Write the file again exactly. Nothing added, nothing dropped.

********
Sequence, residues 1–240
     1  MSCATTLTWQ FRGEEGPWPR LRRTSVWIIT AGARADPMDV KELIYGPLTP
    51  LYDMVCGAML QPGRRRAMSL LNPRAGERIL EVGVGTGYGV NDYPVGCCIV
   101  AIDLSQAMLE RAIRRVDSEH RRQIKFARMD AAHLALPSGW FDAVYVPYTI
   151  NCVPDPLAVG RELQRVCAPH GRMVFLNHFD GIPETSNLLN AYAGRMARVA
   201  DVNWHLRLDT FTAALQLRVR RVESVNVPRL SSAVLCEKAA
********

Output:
Sequence, residues 1–240
     1  MSCATTLTWQ FRGEEGPWPR LRRTSVWIIT AGARADPMDV KELIYGPLTP
    51  LYDMVCGAML QPGRRRAMSL LNPRAGERIL EVGVGTGYGV NDYPVGCCIV
   101  AIDLSQAMLE RAIRRVDSEH RRQIKFARMD AAHLALPSGW FDAVYVPYTI
   151  NCVPDPLAVG RELQRVCAPH GRMVFLNHFD GIPETSNLLN AYAGRMARVA
   201  DVNWHLRLDT FTAALQLRVR RVESVNVPRL SSAVLCEKAA